Jurassic 5


(Interscope; 2006)

By Chet Betz | 6 November 2007

I love this shit; bad art has its purpose. The great, great thing about Feedback is that now no one can make ignorant, offensive statements and suggestions like “I do enjoy this one hip-hop group called Jurassic 5,” or “Jurassic 5 are what real rap’s about,” or “Let’s listen to that new Jurassic 5.” Feedback is my favorite Jurassic 5 album because it is their worst, because it is so obviously crappy that, should anyone have the audacity to try to argue the group’s merits post-EP, I can simply hold up this album, cackle, jump in my whip and ride off into a sunset full of victory and rightness.

Any claim that Jurassic 5 stand for the roots of hip-hop, for its essence and heart, that they neglect innovation and hardness for the sake of reminding us all of hip-hop’s culture – that convenient bullshit gets wonderfully undermined by Dave Matthews singing the hook of “Work It Out,” a culturally dispersive move that even Kanye wouldn’t touch. At least when Kanye’s blending, the drink turns up distinct and hooky, and sometimes does feel culturally incorporative, which is the essence of hip-hop. “Work It Out” has no groove, no cache or kismet, no real novelty, no purpose other than the names of its collaboration and to fill the album’s center with marshmallow. The rest of the album slides off the edges of its horrendous gloop.

Bloated on the rotting corpses of hackneyed scratching, hackneyed drums, hackneyed sampling technique and hackneyed key work (all that in hackneyed combinations), Feedback makes it difficult to differentiate the acceptable from the tired. Other rap albums put all their moneymakers in prominence, but when this album tries, we get “Radio,” Salaam Remi aiming for the minimal synth trend and instead spooging out the most laughable attempt at a radio single I’ve heard since, well, “SexyBack.” By the time musically decent shit rolls up in the second half (“Future Sound” and “End up like This”), I guarantee, no one cares, including Jurassic 5.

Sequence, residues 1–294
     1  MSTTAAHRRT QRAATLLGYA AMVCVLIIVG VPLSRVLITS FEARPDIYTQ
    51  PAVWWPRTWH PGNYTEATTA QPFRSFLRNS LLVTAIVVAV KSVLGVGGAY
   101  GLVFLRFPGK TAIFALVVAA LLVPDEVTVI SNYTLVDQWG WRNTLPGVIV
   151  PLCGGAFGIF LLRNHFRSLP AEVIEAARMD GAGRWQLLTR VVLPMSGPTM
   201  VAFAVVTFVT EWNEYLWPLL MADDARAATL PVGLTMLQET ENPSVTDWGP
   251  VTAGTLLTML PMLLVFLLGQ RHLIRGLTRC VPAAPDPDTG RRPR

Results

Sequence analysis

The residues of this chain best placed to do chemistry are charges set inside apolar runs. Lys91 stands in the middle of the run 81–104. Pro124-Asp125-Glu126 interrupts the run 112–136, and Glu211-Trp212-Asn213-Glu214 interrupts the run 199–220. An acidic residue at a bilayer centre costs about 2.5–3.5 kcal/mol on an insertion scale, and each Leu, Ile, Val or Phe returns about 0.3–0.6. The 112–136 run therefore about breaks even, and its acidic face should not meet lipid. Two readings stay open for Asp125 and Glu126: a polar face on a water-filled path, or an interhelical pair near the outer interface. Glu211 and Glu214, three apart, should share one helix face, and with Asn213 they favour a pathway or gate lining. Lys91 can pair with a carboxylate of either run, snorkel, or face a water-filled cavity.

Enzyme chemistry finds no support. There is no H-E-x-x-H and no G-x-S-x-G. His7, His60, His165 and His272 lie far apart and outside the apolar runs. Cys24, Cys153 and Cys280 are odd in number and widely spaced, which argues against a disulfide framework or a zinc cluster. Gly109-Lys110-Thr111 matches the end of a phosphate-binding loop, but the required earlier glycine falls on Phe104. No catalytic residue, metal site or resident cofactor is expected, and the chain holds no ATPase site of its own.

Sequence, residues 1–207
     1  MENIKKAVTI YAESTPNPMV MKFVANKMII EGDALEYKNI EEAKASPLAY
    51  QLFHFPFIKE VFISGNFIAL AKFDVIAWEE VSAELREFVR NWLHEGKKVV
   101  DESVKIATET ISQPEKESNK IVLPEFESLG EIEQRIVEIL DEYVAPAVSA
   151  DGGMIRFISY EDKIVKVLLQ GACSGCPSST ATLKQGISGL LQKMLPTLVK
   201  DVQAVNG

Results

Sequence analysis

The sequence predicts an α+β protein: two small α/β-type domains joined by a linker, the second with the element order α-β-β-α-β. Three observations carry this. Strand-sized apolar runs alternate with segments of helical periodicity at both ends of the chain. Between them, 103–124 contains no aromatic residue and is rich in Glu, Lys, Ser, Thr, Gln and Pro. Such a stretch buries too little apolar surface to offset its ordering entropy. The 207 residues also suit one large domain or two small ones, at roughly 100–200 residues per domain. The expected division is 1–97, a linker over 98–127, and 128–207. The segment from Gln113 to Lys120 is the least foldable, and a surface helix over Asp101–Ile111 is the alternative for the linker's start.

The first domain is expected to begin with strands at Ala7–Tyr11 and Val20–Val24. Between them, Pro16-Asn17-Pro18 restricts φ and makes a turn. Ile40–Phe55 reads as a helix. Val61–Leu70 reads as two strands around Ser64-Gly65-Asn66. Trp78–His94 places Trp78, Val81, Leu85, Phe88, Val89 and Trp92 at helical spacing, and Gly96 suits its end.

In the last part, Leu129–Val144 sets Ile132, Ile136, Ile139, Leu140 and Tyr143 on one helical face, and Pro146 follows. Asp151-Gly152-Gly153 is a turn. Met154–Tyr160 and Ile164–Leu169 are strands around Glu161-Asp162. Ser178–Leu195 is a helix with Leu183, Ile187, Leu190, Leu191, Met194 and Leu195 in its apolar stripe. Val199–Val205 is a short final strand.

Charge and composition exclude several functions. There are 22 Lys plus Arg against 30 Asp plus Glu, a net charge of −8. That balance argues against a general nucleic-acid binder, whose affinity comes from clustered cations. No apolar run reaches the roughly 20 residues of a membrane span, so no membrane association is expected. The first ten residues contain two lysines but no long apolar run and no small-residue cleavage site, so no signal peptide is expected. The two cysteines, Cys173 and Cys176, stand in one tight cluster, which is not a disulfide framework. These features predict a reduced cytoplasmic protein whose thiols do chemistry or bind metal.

Visionless production isn’t what makes Feedback nigh impossible to enjoy, or it is the reason only insomuch as it affects the mic. Jurassic has four rappers who aren’t all that good at rapping, and, at this point in their careers, even less good at saying things worth hearing; you have to sit through each one of these guys on most every song, which makes most every song feel long and taxing. I suffer them talking about how they are going to rock on my radio, their sex begging, bear the “in the house” of “In the House,” and I’m rewarded with “End up like This,” but still get a grimace when Chali 2na mentions touring with Santana. Feedback soils its own paltry joys.

I hate to be such a snob, but it needs to be said, and we all need to be clear: to the golf team mook whose iTunes consists mostly of Third Eye Blind, TV compilation classic rock and a hip-hop nook of Tupac, Bone Thugs and “What’s Golden,” I dare you to like Feedback. I fucking dare you. Dude, the deepest cut will be that, by the time you get done with “Work It Out,” you’re not even going to like DMB any more.

And that’s why I love this piece of shit album.